Follow-ups of seven obese renal transplant patients revealed that the median weight and BMI decreased from 119 kg (96–152) and 42 kg/m2 (37–49) to 93 kg and 33 kg/m2, 86 kg and 31 kg/m2, and 83 kg and 29 kg/m2 at 3, 6, and 12 months post-LSG. The median EWL was 54% at 3 months, 57% at 6 months, and 75% after 1 year.[18] Another study of LSG showed that it produced a mean decrease in BMI of 12.9 kg/m2 in 12 patients after orthotopic liver transplant (OLT). This decrease in BMI was 9.17 kg/m2 in the non-OLT control group. However, the study revealed that the EBWL of non-OLT patients showed more weight loss than for the OLT group (P < 0.001).[36] Szomstein et al. showed a series of five recipients, including four who underwent laparoscopic RYGB and one with LSG. All patients in this series achieved >50% EBWL after 2 years with a change in BMI of −13.6–−37 kg/m2.[37]

Al-Nowaylati et al. assessed the outcomes of RYGB in a case series of seven patients undergoing RYGB after OLT. Therapeutic weight loss (mean BMI of 44.34 ± 6.08 kg/m2 before RYGB and 26.47 ± 5.53 kg/m2 after RYGB) was reported after RYGB.[38]

In heart transplant patients, laparoscopic adjustable gastric banding in combination with laparoscopic cholecystectomy led to a decrease in patient BMI from 46 kg/m2 (138 kg) to 35.4 kg/m2 (106 kg) after 28 months.[19] Rex reported that a heart transplant patient lost 56 kg (136 to 80 kg) and a kidney transplant patient lost 54 kg (133 to 82 kg) after vertical banded gastroplasty.[39]

Greene achieved an average decrease in BMI of 19 (range: 16–22) per patient, to reach an average BMI of 30 (range 26–32). The group had an average 39% TWL (range 37%–41%) and an average 81% EWL (range 75%–92%).[40] Arias et al. showed five recipients with laparoscopic gastric bypass with a mean weight loss of 33.4 kg. Interestingly, these patients had gained an average weight of 16.75 kg after kidney transplantation.[41] Gazzetta et al. performed retrospective research on six patients undergoing BS after renal transplant. The mean EWL was 75.9% after 12 months. No main weight regain was observed.[42]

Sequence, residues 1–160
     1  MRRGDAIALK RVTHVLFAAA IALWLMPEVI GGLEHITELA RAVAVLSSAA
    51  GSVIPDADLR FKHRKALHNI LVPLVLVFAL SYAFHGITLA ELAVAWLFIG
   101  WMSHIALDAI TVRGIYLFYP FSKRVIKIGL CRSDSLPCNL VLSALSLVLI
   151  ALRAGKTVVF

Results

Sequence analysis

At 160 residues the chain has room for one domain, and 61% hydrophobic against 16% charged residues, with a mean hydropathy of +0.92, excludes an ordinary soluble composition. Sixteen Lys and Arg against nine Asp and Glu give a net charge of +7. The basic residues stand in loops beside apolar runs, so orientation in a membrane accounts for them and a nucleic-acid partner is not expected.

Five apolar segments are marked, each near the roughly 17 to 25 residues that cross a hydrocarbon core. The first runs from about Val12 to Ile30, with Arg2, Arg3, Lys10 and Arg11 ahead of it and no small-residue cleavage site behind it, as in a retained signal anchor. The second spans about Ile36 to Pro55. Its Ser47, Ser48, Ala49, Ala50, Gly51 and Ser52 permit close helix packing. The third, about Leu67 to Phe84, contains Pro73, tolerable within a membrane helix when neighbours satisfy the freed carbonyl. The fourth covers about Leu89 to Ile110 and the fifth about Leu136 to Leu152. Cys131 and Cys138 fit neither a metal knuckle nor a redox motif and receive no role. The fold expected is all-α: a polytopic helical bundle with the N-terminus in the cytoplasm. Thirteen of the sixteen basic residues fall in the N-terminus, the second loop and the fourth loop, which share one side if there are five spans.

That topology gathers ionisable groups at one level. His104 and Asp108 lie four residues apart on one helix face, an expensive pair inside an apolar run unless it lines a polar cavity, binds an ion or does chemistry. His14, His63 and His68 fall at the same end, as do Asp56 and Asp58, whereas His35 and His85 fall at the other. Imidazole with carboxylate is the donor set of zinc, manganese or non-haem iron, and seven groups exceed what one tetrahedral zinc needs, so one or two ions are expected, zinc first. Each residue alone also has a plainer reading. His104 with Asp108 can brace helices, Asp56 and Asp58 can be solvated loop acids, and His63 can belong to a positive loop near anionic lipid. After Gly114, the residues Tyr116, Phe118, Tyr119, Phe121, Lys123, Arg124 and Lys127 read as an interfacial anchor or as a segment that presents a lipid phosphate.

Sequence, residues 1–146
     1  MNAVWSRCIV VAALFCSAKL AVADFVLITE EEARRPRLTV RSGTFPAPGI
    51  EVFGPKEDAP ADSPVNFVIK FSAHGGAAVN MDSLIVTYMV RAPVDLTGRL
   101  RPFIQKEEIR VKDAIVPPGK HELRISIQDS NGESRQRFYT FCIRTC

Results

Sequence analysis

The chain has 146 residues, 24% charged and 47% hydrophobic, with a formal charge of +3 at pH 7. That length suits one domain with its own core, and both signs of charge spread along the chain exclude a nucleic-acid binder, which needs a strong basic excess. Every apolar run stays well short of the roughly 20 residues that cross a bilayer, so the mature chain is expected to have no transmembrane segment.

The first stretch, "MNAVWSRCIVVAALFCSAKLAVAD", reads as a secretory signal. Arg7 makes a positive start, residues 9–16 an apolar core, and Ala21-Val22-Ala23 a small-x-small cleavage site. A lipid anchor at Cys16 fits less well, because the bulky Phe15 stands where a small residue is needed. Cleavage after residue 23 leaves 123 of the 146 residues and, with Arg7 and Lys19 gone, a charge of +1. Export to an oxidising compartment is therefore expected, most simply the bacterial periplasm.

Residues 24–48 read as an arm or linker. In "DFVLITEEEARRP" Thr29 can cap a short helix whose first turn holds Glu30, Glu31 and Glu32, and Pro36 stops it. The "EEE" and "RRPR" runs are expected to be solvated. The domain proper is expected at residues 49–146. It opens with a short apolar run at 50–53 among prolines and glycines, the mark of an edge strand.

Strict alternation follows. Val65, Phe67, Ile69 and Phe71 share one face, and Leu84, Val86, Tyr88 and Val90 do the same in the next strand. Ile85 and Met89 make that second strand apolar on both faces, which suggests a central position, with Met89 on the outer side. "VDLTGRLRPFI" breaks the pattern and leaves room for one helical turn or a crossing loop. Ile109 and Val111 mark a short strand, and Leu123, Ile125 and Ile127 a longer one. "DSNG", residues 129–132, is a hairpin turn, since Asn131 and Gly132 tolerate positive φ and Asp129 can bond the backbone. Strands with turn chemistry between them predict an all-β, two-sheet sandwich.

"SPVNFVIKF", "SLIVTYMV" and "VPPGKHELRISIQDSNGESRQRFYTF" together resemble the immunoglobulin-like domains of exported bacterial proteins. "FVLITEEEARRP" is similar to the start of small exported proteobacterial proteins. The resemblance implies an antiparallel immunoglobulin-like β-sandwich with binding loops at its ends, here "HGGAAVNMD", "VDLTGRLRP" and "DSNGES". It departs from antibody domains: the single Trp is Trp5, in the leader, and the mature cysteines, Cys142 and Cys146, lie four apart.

Effects on transplanted organ

An improvement in graft function has been reported in a systematic review of bariatric patients following LT.[31] Important factors influencing the long-term survival of a transplanted organ are dependent on cardiovascular factors and blood flow. BS successfully decreased these risk factors.[15] Golomb et al. reported that 24-h proteinuria and serum creatinine decreased after LSG for ten obese renal transplant patients, and this is a positive prognostic marker. The protein concentration in the urine decreased from a median of 391 mg/24 h to 207 mg/24 h.[18] Lin reported no incidents of graft rejection; also they showed that at 3 months after surgery, liver function tests continued to be stable.[34] Tsamalaidze reported no effects on the transplanted organ.[32]

Dziodzio's review reported that three out of four studies containing twenty patients observed improvement in graft function after kidney transplant. One kidney graft loss after gastric bypass was reported. Stable graft functions and unaltered immunosuppression regimens were observed in LT. Two case series have reported biopsy-proven regression of steatosis after gastric bypass.[27]